As I have talked over the past several months with many different reporters and writers of many stripes, it has caused me to reflect frequently about the past 20 years and the transformation that I have experienced in my professional work life. It also got me wondering what the stories might be from others both inside and outside our membership.
In talking with our Executive Editor Lauryn Franzoni about this, she suggested it would probably be both fascinating and fun to learn more about other's “passages” so we thought a blog post would be one place to begin. So, in the interest of the “you go first” custom, here goes:
The short version is that the company I was working for as the VP of International Personnel was bought. For the first time in my life (at age 48), I found myself looking for a job when I didn’t already have one. In about the time it takes one to pull away from touching a hot stove I came to the conclusion that I didn’t like the way this felt at all, and the longer the search went on, the more I felt that the process was broken. What I thought ought to be a relationship based on a win-win outcome was one that felt like win-lose and very adversarial to boot.
After all, it seemed to my (then) naive way of thinking that organizations seeking senior-level talent and executives who were seeking stimulating and rewarding careers had the same goals in mind. Find the right fit for both.
Said differently, I thought that from a job seeker’s perspective, all I was asking for was the opportunity to compete for a real job at a time that was meaningful and to be treated with a reasonable degree of professional courtesy. Didn’t seem too crazy a notion at the time (and still doesn’t.)
Looking at it from the recruiter’s perspective (and having been in HR I thought I had a reasonable understanding of how that world worked), I knew I would want to be able to identify qualified candidates when I needed to, have confidentiality when needed, and not get into a fight with anyone over what “qualified” meant. That too did not seem to be a concept that was too far out of step.
So, how to try and become a Don Quixote lookalike and pick up the pieces of this broken process? The answer over time turned out to be an effort to create a community where both recruiters and senior level executives could come together in a career and business network not only with confidence but when needed, in confidence.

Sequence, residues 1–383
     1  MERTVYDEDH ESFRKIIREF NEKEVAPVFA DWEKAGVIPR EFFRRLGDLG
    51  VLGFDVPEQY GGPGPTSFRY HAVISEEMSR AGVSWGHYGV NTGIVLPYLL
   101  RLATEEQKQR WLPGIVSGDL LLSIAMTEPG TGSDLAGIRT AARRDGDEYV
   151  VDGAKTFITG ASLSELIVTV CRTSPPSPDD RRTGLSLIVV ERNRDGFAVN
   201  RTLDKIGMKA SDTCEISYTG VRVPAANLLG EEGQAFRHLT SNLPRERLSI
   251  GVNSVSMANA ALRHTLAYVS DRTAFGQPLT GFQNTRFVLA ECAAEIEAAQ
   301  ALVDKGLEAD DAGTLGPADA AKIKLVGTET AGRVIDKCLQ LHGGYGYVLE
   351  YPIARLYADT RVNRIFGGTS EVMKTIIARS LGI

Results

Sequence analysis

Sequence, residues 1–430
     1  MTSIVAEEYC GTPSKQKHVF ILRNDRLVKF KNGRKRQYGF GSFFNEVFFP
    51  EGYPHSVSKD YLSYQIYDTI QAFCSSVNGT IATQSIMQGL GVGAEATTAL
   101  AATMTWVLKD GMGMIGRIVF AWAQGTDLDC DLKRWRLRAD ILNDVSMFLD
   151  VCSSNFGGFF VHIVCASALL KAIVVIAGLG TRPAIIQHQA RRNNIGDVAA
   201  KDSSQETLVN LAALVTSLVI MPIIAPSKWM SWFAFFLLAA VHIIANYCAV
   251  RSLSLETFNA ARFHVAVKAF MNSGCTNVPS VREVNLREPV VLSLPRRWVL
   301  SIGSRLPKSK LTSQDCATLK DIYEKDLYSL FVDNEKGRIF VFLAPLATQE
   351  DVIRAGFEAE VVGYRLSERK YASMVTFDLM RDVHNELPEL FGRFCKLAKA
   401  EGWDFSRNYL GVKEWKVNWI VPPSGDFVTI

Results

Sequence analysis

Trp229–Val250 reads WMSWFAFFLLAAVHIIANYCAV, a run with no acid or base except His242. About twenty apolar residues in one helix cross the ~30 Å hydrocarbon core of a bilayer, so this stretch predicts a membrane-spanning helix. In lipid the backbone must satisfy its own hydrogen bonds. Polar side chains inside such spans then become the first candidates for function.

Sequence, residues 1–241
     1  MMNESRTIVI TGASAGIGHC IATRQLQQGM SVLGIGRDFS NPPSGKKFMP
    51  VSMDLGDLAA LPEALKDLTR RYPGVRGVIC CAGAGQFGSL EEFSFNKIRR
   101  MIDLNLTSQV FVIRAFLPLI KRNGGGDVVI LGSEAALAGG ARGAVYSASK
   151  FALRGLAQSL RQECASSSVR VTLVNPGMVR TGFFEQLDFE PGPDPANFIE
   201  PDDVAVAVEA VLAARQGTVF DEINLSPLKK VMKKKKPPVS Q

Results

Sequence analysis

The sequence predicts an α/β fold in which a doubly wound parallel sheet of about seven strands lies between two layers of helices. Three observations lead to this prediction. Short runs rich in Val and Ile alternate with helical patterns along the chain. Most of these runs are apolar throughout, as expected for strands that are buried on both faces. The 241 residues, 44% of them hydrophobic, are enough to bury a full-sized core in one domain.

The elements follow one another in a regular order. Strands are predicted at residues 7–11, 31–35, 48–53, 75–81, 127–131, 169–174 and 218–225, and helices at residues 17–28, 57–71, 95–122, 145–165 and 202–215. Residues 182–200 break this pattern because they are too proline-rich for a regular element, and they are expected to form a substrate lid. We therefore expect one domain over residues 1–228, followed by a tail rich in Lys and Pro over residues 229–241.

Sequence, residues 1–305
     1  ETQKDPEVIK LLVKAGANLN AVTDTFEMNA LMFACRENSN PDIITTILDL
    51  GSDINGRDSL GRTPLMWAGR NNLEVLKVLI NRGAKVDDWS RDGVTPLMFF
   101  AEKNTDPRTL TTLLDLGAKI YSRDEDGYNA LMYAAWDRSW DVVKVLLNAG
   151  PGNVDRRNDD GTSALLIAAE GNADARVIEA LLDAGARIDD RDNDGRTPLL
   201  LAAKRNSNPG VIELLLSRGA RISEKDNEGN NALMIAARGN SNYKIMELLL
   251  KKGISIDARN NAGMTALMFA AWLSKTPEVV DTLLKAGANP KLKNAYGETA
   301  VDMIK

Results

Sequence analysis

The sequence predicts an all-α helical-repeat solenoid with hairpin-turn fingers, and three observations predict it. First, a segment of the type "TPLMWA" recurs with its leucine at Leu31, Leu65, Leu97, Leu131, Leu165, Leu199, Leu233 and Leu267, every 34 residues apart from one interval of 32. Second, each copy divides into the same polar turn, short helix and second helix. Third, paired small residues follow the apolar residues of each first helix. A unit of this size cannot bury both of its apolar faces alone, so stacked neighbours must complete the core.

Reflecting on the experience, I keep thinking how very fortunate I was to have stumbled along the happenstance path of career planning and end up being able to make my living from something about which I was and continue to be passionate about to the point of obsession.
There is an old saying that I am sure most of us have often heard: “Luck: where preparation meets opportunity.” As I think about my own experience, that is a fair descriptor. In my case, I know that the 25+ years I spent in the corporate world certainly qualifies as “preparation.” What I didn’t know at the time was the “luck” was that my employer was bought and I was thrown into an uncontrollable situation. I didn’t immediately recognize the event as an opportunity.
So I am wondering what others’ experiences have been as they look back at their career over the past 20 years and what “learnings” or stories they might be willing to share in the comments section of this blog posting.
Where were you professionally 20 years ago?As an incentive, I am willing to do this:
Was there a pivotal event or person responsible for your leadership track?
Where are you professionally now?
There was an incredibly interesting discussion that went on for several weeks recently in our General Management Roundtable. The discussion came from a member who was about to take on his first role as a CEO. His question to the roundtable was “What advice would you have for me?”
So rich was this discussion that Lauryn and her team created a whitepaper, Lessons from Leaders: Advice for a First-time CEO. Whether you are aspiring to be the CEO or already in the big chair, advice contained in this paper is something that any of us in a leadership position would find of real value.
You can give as many or few details as you feel comfortable, and as long as I have your email address, a copy is yours. If you are too much of an introvert to post it here, you can email it to me at email@example.com